Home » News » 7th Circuit rejects inmate’s challenge to nude-pictures ban

By David L. Hudson Jr., published on August 16, 2021

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The Indiana Department of Corrections did not violate the First Amendment in prohibiting an inmate from receiving a sexually explicit image from his fiancée, a federal appeals court has ruled.


The 7th U.S. Circuit Court of Appeals court said the rule rationally served the department’s interest in protecting staff from sexual harassment by inmates.


Dustin Trowbridge, an inmate at Wabash Valley prison, sued after learning that prison officials had prohibited him from seeing an image e-mailed to him by his fiancée. His fiancée had sent him an intimate photo of her pubic area in see-through lingerie.


In his complaint, Trowbridge cited two scholarly articles that questioned the link between pornography and inmate violence. He also questioned the prison department’s failure to answer his discovery requests showing how photos of nudity contributed to inmate crime or harassment. The department responded that such a request would be unduly burdensome.


A federal district court rejected the claim and granted summary judgment to the department, finding that the policy furthered the department’s interest in preventing sexual harassment of staff.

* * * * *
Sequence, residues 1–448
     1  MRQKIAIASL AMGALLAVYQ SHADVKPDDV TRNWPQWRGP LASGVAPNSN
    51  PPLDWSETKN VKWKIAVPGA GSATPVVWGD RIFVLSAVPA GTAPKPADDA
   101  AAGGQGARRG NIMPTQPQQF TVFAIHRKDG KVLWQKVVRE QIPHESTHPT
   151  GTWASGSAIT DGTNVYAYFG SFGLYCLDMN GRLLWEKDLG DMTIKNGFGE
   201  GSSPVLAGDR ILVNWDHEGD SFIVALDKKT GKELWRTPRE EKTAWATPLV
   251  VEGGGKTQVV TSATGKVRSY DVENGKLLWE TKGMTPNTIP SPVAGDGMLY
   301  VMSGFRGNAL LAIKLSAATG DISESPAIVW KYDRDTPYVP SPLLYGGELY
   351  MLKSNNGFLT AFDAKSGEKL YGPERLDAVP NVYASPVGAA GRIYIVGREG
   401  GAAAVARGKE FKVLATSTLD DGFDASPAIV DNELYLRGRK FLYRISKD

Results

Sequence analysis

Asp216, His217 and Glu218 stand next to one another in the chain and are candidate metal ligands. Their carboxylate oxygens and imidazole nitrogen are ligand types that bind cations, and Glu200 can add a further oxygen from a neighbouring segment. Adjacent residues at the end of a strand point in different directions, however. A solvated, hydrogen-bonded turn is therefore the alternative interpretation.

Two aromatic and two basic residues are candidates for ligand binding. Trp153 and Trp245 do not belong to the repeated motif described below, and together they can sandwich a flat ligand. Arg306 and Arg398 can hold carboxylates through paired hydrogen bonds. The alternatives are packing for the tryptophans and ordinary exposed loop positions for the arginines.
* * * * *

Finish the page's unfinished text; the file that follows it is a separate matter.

On appeal, a three-judge panel of the 7th Circuit affirmed in Trowbridge v. Indiana Department of Correction. In its per curiam opinion on July 27, 2021, the panel noted that the 7th Circuit had cited these articles favorably in a previous decision but found that they were “not proof of an irrational policy.”


The 7th Circuit panel concluded in its Trowbridge decision that “[t]hese articles, on their own, would not permit reasonable factfinders to deem the policy here irrational.”


Furthermore, the appeals court reasoned that Trowbridge’s fiancée could still communicate intimate thoughts with him in other ways, such as by written text.


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David L. Hudson Jr. is a professor at Belmont University College of Law who writes and speaks regularly on First Amendment issues. He is the author of Let the Students Speak: A History of the Fight for Free Expression in American Schools (Beacon Press, 2011), and of First Amendment: Freedom of Speech(2012). Hudson is also the author of a 12-part lecture series, Freedom of Speech: Understanding the First Amendment (2018), and a 24-part lecture series, The American Constitution 101 (2019).



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